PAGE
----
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How to Choose A Farrier PDF Print E-mail
Written by Stacy Mantle   
Saturday, 01 November 2014 00:00

The most important things you can do for your horse includes feeding a balanced diet and providing proper care for their feet. Choosing a farrier is as important, or more so, than choosing a veterinarian or boarding facility.

Finding the right farrier will take time, but avoiding lifelong injury or crippling your horse due to improper shoeing will save you thousands of dollars, and a lot of heartache, in the long run.

Here are some tips on how to find a farrier (horseshoer or blacksmith) and why it's so important to select a great person to work with your horse.


Last Updated on Saturday, 18 October 2014 15:27
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Teaching Children to Approach Horses PDF Print E-mail
Written by Katriona Lindstrom   
Wednesday, 30 July 2014 00:00

I have noticed something lately: parents letting their kids just run up to strange animals. In fact today, a very young child somehow made it underneath the stomach of my blind horse.

I can't begin to express the danger that a 1,300 lb animal presents to a 30 lb child - especially one who can't see the child!  I am grateful that my hooved partner is so responsive to what I say and stood firmly. If not, this child could have easily been killed.  I can't imagine what could have happened had my horse been a younger or more reactive animal.

Allowing your child to run up to an unknown animal, or approaching one yourself, can be very dangerous.  It doesn't matter how well-trained or well-behaved an animal is, approaching them blindly is dangerous. By not teaching proper etiquette, a child's, an animal's, the handler's, and possibly your own life may be at risk.  Don’t risk yourself or your children.


Last Updated on Friday, 01 August 2014 21:48
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Taking Care of Your Horse – Making Sure They Get the Best Nutrition PDF Print E-mail
Written by Katherine Ogilvie   
Saturday, 14 June 2014 00:00

Whether you horse is a beloved family pet or used in competitions - you want to keep your horse happy and healthy for as long as possible. Ensuring your horses have a well-balanced diet and are getting all the nutrition they need can be a big part of that. Various foods and substances are recommended for horses but here are three of the simplest and the most recommended dietary supplements for horses:

Seaweed for Horses

Did you know seaweed can be a relatively cheap supplement that’s great for hoof and coat health? Seaweed is a natural source of vitamins and minerals for horses; in particular it’s a great source of iodine. Iodine is important for healthy development and growth in horses because it is used to synthesize thyroid hormones – which contributes to regulating metabolism, balancing body temperature and oxygen usage.  Seaweed also provides your equine friends with other useful healthy, natural substances including amino acids, vitamins A, B, C, E and K, calcium, iron, magnesium, sodium and many others – all which help to fuel a healthy and happy horse.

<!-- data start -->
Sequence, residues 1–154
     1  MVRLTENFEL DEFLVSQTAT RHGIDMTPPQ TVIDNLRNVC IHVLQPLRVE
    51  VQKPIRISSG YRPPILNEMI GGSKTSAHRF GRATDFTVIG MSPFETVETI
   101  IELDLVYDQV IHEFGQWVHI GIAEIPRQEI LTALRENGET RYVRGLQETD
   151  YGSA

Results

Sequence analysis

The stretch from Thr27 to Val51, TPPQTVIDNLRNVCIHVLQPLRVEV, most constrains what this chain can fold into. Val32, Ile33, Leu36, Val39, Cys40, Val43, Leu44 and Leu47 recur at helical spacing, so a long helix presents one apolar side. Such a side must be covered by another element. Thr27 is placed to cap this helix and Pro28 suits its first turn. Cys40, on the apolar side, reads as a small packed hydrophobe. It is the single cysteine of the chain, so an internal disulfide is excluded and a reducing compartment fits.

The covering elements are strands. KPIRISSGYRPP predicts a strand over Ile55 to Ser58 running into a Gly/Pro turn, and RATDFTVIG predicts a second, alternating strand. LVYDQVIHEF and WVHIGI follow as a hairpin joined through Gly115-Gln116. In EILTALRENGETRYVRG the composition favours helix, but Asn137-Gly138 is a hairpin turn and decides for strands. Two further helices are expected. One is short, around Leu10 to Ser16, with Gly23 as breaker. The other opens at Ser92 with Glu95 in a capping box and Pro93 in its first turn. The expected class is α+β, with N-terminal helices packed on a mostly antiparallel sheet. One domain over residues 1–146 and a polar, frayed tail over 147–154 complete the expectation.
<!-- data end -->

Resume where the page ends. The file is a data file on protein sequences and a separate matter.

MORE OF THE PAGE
Last Updated on Thursday, 12 June 2014 19:00
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Cashel Crusader Fly Mask Review PDF Print E-mail
Written by Katriona Lindstrom   
Saturday, 07 June 2014 00:00

I recently received 3 fly masks to review from Cashel. To begin with, I like the packaging. The zippered bag is a good way to store your fly mask for the off season (though we don't have much of one here in Arizona).  It is sturdier than just a thin cardboard box like other masks come in, or a thin plastic bag.  The closest thing to it would be the packaging a comforter comes in.  The front of the board in the package has all the information you need and it is VERY clear what size you have. 

The back of the board in the bag has a size guide.  This guide is more helpful than some other brands, as it shows how to measure and what size the measurements correlate to.  This is more exact than going by just weight.  I have purchased fly masks in the past, based on weight, but they did not fit any of my horses.

Cashel has put a lot of thought into sizing and while it's not perfect, it's closer than most.


Last Updated on Saturday, 07 June 2014 17:17
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Do You Really Have The Commitment To Own A Horse? PDF Print E-mail
Written by Sponsored   
Saturday, 06 April 2013 01:36

Owning a horse requires considerable commitment on your part. He will need stabling, feeding, mucking out, grooming, and exercising. While this isn’t much different to owning a dog, a combination of the size of the horse and the fact that you will usually have to travel to the stables means that you may regret your decision, especially on cold and dark mornings when you want nothing more than to stay in bed and have a cup of coffee.

Horses are big animals and they require regular care and attention. You need to ensure that they have a good quality feed, permanent access to water, and that you are giving horse supplements to help ensure that they get all of the vitamins and nutrients that they require. Certain supplements, like NAF horse can prove especially useful if your horse has undergone a change in its exercise regimen.


Last Updated on Monday, 25 November 2013 15:27
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